Well, I was in that frame of mind when I looked at the readings. Here’s this morning’s sermon, not concealed this time in the “extended Entry” field; sorry, I’m not hand-coding that one, at least not till I get the new regular database working.
Anderson Chapel of St. John the Divine, Seabury-Western
Hugh of Lincoln, November 17, 2004
Titus 2:7-8, 11-14/Ps 112:1-9/Matt 24:42-47
Some of you have heard me warn against making unwarranted homiletical generalizations that might exclude some portion of the congregation. When we say, “Everyone has felt that way,” or “we all know the Seinfeld episode where. . . . ,” we risk writing off listeners who haven’t felt that way, or who don’t watch TV. I try to avoid that kind of homiletical generalizations my own self, so it’s a rare treat that I can stand in this holy place today and say, “Almost everyone here has read de Doctrina Christiana” ‚Äì but here, I have reason to believe this is true.
You may remember that in de Doctrina, Augustine urges his readers to adopt lives of integrity, seriousness and sound speech, self-controlled, upright, and godly. He entreats us to develop habits of godly living, not because he thinks this will earn us brownie points with God ‚Äì “stars in your crown,” as our family says about works that have no immediate, obvious reward. We persist in practicing godliness because we can hardly ask our neighbors to accept as true that which our lives proclaim as false. We daily turn again Godward, lest our carelessness suggest to our sisters and brothers that love and charity matter less than convenience and comfort.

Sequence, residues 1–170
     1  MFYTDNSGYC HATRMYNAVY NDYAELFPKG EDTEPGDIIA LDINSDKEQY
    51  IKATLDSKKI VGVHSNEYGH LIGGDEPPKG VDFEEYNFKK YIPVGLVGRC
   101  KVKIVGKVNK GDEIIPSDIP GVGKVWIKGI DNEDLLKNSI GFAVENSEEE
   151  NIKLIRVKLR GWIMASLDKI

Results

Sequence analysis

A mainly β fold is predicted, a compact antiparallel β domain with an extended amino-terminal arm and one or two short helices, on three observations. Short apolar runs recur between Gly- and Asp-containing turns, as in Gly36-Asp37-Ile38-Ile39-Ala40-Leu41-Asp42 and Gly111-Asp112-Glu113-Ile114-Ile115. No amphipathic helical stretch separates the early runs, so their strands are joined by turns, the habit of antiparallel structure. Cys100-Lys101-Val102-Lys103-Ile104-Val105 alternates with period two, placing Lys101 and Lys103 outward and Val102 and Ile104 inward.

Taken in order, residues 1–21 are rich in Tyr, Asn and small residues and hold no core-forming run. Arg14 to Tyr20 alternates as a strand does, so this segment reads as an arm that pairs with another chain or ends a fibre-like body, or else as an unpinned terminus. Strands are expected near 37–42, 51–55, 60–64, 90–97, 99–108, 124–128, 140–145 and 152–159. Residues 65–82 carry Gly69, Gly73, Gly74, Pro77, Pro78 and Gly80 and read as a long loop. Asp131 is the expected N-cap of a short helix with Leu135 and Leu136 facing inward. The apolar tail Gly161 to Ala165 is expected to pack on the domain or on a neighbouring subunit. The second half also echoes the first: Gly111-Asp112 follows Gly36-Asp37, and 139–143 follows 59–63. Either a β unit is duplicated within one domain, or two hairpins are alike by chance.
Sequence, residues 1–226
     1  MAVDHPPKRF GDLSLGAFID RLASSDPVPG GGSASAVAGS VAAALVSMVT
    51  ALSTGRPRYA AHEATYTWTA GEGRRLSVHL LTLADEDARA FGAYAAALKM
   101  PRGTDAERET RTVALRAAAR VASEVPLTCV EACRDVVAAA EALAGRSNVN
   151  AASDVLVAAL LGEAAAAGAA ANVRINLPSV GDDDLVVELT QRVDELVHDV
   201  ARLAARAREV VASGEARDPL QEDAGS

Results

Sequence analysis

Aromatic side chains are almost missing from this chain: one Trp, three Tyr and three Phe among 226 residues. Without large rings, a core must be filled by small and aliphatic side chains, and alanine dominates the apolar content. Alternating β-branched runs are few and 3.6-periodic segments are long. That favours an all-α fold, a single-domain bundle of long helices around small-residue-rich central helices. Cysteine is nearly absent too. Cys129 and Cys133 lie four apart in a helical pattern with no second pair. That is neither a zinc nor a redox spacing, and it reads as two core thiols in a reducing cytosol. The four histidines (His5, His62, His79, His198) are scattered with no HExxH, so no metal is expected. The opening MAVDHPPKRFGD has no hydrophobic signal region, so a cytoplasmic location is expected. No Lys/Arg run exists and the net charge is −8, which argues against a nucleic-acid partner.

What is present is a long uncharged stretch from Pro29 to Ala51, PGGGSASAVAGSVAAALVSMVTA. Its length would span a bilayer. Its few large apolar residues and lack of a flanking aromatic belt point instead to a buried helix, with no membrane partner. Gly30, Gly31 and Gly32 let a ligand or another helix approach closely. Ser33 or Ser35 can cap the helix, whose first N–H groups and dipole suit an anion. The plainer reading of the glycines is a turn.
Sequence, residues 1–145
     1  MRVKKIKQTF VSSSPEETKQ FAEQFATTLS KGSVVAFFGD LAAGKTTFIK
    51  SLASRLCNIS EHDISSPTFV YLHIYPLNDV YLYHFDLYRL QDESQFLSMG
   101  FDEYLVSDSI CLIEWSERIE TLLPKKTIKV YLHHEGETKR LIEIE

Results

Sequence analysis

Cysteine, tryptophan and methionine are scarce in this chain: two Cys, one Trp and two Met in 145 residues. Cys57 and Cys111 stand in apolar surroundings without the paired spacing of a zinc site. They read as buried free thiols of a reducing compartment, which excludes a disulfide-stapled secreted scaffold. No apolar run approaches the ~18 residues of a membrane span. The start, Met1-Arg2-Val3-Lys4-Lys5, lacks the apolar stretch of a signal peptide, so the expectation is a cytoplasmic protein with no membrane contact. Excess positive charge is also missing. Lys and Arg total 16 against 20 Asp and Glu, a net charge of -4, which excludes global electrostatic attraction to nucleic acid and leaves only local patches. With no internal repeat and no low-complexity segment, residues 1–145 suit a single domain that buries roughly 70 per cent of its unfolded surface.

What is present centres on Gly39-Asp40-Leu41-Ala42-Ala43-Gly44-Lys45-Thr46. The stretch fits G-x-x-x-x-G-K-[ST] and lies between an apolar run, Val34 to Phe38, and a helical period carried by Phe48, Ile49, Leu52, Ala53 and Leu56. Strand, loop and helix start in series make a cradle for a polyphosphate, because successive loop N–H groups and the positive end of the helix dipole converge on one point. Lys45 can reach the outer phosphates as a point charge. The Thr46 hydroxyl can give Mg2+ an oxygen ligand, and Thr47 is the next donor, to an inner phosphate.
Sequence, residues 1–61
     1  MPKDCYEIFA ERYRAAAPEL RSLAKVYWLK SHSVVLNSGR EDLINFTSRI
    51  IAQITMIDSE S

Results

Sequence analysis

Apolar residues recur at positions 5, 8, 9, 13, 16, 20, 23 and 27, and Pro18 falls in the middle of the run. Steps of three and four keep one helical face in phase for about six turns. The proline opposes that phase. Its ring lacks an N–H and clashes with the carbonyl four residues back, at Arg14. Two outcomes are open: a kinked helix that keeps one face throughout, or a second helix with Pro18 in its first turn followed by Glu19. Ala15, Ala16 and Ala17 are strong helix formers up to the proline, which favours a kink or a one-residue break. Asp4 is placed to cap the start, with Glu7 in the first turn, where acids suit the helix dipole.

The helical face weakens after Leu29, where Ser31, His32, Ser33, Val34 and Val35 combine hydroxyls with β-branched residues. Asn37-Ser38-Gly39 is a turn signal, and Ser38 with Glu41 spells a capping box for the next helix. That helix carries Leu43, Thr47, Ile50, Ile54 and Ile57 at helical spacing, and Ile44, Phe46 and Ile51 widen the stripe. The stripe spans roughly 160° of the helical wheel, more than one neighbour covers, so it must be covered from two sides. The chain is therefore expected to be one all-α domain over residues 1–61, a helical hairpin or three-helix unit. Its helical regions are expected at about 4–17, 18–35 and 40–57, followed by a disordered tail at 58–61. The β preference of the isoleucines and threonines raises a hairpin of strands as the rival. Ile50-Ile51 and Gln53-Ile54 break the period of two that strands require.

Even more horrifying, though, apart from our commitment to orient our lives toward God, who is the only true End for our hopes, our very capacity to understand the truth itself grows numb, clouds over. As we let go the determination incessantly to intertwine our lives with the divine life, we lose our sense of what direction points toward God; we lose the sense of where we might find God, of how we might share in God’s goodness; and we lose interest even in trying. And as fewer and fewer seek the warmth and light of God’s presence, fewer and fewer know what they might be missing.
If we know what we’re missing though ‚Äì if we haven’t quite lost that recollection of the grace of God that appeared, bringing salvation to all, if we haven’t forgotten that peace that marks the presence of God’s Spirit ‚Äì then if we see the Body of Christ afflicted and weak, we may remember also that the health of the body depends on more than just good ideas, well-organized meetings, carefully planned worship, but on the tenuous hope that fallible followers will not finally forget their calling, will keep alive the rumor that God abides among us and awaits our return, that God indeed draws us onward if we let go our determination to dictate the goal to the one who is our Goal.
With each moment of graced kindness, each inconvenient gesture of care-taking, each risky venture in discipleship, we renew the unsettling memory of promised love. With each affirmation of our adherence to God’s Way and each promise of our solidarity with sisters and brothers on this path, we amplify the sound of the still small voice that thunders all through the night, the faint glimmer of light that burns at the gloom of midnight. Listen, for love ‚Äì and teach us the sound of truth; look, for glory ‚Äì¬†and in the hope that we may always grow in godliness, spot that light that shines in the darkness, a beacon of God’s gift of hope, of mercy, of compassion; of God’s righteousness, manifest in us by grace.